Банкеръ Weekly


Govt. Cuts Wings of Air Business

With fierce competition and ever increasing prices of kerosene, the rulers loaded with aviation sector new taxes to pay. The Official Gazette published the final texts of the last (for now) amendment to the Civil Aviation Act, which is set to shake Bulgarian aviation market very hard. And last but not least -

this will be reflected in ticket prices.

Currently airports in the country collect money for the planes to land, for their parking, for the use of passenger boarding bridges as well as for passenger servicing. From April next year (after the six-month grace period expires) two more charges will be added to that: the so-called environmental charges and security fee.

The purpose of the introduction of the first charge at first glance seems reasonable - to raise funds to battle noise in the vicinity of civil airports in Bulgaria. This will happen through the establishment of silencing fences, planting of green belts, and the purchase and installation of equipment to ensure that the noise levels are within limits. The problem is that absolutely all airlines are thus placed on the same shelf. Or in other words, owners will be charged the same fee, regardless of differences in environmental performance pf the plane they fly and the engine noise it causes. In this case, what is the incentive for carriers to maintain a modern fleet?

In the rest of Europe, the approach is quite different, than what is adopted in Bulgaria. Around some major airports there are stations that monitor how much noise each airplane produces. When limit is exceeded, this is recorded automatically and the airline has to pay the appropriate penalty, the general secretary of the Bulgarian Airlines Association Yovko Yotsev told the BANKER.

Certainly there are far more grounds in the introduction of security charges. It is also envisaged in the National Schengen Action Plan and ensured that airport security can meet possible terrorist acts. Already in its presentation as an option the Ministry of Transport and Information Technology acknowledged that this will make air carriers pay at airports around 8% more per passenger. Expectations of the Ministry was that after the introduction of this fee the pro rata distributions for landing, passenger handling and parking will be reduced, which in fact did not happen.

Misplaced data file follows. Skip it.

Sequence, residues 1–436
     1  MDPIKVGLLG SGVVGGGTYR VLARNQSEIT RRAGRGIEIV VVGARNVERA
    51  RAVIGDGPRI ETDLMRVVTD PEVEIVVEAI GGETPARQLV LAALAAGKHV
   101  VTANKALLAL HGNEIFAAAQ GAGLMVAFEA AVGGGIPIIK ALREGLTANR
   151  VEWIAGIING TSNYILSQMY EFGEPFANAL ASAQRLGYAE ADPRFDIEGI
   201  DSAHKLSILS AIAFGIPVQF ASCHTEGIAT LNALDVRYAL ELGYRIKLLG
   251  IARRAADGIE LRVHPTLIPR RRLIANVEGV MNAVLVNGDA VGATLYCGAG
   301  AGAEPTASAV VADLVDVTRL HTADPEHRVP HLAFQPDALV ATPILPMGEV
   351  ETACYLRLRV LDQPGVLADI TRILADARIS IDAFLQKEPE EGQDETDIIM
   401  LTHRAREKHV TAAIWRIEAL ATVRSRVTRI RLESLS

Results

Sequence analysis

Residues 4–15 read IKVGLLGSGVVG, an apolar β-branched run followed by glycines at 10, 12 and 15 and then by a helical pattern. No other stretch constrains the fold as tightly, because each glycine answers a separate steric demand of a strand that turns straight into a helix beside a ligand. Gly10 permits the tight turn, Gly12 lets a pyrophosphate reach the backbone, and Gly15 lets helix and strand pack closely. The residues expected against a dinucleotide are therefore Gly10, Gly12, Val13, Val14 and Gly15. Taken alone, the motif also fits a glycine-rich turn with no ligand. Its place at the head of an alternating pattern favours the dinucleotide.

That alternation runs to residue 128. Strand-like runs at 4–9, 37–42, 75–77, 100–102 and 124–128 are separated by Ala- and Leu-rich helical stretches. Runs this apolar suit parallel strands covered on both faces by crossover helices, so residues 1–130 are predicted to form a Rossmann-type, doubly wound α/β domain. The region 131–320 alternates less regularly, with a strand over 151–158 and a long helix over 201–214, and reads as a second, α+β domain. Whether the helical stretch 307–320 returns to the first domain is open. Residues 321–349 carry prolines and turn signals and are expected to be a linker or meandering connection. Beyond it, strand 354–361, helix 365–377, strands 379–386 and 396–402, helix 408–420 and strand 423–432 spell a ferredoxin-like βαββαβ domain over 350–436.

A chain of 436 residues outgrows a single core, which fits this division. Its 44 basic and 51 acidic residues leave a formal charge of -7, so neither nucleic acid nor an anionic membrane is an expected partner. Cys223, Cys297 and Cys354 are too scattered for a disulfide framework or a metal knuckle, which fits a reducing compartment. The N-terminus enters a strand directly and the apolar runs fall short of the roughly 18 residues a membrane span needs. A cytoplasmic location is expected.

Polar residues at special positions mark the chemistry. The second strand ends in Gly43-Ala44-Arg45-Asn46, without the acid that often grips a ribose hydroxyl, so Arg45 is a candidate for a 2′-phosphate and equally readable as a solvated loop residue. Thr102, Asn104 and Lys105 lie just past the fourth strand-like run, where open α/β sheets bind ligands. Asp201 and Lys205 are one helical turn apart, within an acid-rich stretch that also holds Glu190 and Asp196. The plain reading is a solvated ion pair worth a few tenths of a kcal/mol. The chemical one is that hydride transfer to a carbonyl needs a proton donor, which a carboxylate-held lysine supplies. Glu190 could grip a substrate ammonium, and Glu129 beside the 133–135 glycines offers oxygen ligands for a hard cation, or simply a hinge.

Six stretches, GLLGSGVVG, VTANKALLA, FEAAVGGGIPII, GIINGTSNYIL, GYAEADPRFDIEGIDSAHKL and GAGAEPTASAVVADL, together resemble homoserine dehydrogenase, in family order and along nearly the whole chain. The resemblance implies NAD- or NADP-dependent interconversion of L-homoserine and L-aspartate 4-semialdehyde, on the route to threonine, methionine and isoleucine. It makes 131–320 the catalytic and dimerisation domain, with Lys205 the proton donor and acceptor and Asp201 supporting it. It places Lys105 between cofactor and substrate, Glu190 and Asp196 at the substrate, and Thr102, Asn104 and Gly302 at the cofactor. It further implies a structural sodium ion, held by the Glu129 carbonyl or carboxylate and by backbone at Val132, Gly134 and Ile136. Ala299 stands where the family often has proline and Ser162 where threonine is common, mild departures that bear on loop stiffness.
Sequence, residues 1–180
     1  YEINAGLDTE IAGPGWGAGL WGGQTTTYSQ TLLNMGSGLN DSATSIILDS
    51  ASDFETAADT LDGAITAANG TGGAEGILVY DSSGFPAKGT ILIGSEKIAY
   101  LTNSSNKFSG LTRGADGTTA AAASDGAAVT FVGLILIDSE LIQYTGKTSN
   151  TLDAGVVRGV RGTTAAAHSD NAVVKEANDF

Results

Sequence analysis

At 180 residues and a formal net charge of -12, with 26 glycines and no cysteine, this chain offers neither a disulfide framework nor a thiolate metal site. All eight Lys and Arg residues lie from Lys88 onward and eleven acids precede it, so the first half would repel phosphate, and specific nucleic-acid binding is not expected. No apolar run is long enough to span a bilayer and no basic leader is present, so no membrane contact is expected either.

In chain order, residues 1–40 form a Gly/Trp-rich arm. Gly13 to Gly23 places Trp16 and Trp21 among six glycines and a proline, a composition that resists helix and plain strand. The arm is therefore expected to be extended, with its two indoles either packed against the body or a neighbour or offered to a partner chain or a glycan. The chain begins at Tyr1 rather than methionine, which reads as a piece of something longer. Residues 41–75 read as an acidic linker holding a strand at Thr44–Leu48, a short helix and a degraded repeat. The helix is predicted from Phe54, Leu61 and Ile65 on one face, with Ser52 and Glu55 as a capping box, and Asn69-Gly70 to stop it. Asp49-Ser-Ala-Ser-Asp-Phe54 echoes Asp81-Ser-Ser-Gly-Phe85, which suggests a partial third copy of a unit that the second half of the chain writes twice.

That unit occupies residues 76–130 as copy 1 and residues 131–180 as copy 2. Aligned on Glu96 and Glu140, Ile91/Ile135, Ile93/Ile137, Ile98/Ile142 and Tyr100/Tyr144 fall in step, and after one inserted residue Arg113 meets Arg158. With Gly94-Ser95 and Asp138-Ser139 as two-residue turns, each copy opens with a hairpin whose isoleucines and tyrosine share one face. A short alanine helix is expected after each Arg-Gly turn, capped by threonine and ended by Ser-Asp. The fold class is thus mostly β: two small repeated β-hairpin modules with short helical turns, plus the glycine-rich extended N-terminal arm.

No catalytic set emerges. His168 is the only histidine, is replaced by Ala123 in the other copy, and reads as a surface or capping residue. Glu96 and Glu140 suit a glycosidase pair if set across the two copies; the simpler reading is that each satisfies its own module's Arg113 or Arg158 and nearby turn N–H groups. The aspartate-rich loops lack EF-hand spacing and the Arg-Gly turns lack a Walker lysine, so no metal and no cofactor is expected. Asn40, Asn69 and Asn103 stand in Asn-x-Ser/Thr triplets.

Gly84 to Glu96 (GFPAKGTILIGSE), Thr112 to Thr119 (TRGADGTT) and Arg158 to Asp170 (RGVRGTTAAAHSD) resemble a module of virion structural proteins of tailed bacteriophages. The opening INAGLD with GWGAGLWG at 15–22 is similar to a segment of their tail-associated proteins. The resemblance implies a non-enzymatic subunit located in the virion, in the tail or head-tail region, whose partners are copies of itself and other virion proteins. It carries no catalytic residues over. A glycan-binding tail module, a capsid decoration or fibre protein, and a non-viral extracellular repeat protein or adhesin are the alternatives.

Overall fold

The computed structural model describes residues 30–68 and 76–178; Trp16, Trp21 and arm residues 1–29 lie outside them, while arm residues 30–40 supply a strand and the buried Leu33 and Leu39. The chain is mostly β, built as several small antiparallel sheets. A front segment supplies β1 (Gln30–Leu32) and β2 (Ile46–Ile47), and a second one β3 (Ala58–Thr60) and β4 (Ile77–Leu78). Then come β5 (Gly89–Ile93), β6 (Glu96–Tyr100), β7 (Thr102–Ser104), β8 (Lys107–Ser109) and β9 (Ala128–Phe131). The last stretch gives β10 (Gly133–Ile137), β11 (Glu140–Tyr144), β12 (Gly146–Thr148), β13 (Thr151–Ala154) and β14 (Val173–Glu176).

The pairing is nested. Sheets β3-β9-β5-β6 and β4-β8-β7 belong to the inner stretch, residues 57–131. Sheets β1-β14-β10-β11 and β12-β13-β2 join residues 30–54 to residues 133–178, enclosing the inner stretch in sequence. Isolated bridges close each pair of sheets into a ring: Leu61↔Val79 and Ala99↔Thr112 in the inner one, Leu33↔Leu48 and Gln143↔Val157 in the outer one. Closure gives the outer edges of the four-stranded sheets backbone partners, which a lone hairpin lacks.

The service in practice remains the same, but in practice it will cost more, said Yovko Yotsev.

Yet the airlines will have to bear one more charge - technical light servicing. So far, it has been part of charges for air navigation services. With the amendments to the law, the civil aviation enterprise shall submit to the transport ministry lighting systems and facilities located within the civil airports, and it in turn must within six months transfer them to the airport operators.

More interesting is that with the introduction of the fee, the cost of the air navigation services will not be proportionally reduced.

One should not forget another issue that is to seriously affect all companies operating flights to and from the Old Continent. From 1 January next year their business will be included in the European scheme of carbon trading

and must have a permit for every tonne of carbon emissions they produce.



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